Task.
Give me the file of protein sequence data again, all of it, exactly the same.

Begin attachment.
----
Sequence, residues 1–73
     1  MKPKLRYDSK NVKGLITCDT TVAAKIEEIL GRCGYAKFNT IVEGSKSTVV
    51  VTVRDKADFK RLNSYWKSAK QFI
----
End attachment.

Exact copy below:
Sequence, residues 1–73
     1  MKPKLRYDSK NVKGLITCDT TVAAKIEEIL GRCGYAKFNT IVEGSKSTVV
    51  VTVRDKADFK RLNSYWKSAK QFI